NEW: Police said there were no arrests Sunday, but about 40 on Saturday
The Occupy movement spread from New York to many cities
The group's ire has been directed at the "1 percent" of society
Police encircled Lower Manhattan’s Zuccotti Park on Sunday as protesters geared up to observe the one-year anniversary of Occupy Wall Street.
A loosely organized group of demonstrators first gathered in New York one year ago Monday as part of a movement that thrust “the 99 percent” into the political lexicon. The protests spread to dozens of cities across the United States.
By 7 p.m. Sunday, New York police said there had been no arrests during the day – but they put the number of arrests Saturday at about 40. Protesters faced various charges including disorderly conduct, resisting arrests and felony assault.
Opinion: Occupy fizzled, but made 99% a force
Video of the scene showed people near the park being detained, while others banged on drums and shouted. Zuccotti Park is located in the city’s financial district.
The group’s messages have ranged from protecting the environment to protests over education costs. There’s been an overriding theme of condemning income inequality and social injustice.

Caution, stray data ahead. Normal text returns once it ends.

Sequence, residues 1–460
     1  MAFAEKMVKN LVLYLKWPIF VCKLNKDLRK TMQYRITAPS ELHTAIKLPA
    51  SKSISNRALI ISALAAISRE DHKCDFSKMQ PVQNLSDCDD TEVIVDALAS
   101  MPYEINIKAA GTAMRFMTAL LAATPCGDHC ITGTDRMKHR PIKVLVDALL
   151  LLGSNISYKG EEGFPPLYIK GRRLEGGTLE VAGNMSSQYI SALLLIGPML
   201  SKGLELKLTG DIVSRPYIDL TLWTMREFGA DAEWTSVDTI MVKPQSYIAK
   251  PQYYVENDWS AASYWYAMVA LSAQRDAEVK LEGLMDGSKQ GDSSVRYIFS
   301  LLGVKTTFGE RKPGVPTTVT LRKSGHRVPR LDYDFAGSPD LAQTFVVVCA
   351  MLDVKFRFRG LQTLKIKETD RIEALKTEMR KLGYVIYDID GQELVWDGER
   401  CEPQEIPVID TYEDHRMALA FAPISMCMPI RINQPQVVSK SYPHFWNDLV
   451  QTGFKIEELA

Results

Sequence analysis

It put out a statement Sunday, saying “the day’s events are about flexing people power in the streets and utilizing public spaces.”
“The Occupy movement continues to utilize culturally creative tactics to build the movement for social and economic justice,” the group said.
The movement also has been criticized for its lack of focus, and over reliance on a physical space.
“The camp is one of the central points for the first couple of months and that’s just not a sustainable form of protest,” said Fordham University professor Heather Gautney, referring to Zuccotti Park.
“So I think there was a transition into more localized acts of protest but they never really had the momentum that the camps had.”
Occupy had “a problem of transitioning into a new strategy,” she said.
The group’s mantra has traditionally been directed against the so-called privileged 1 percent of society – such as banks, the mortgage industry, insurance providers and others.
The 99 percent is a reference to the broader public, which the group said had been undermined by those institutions.
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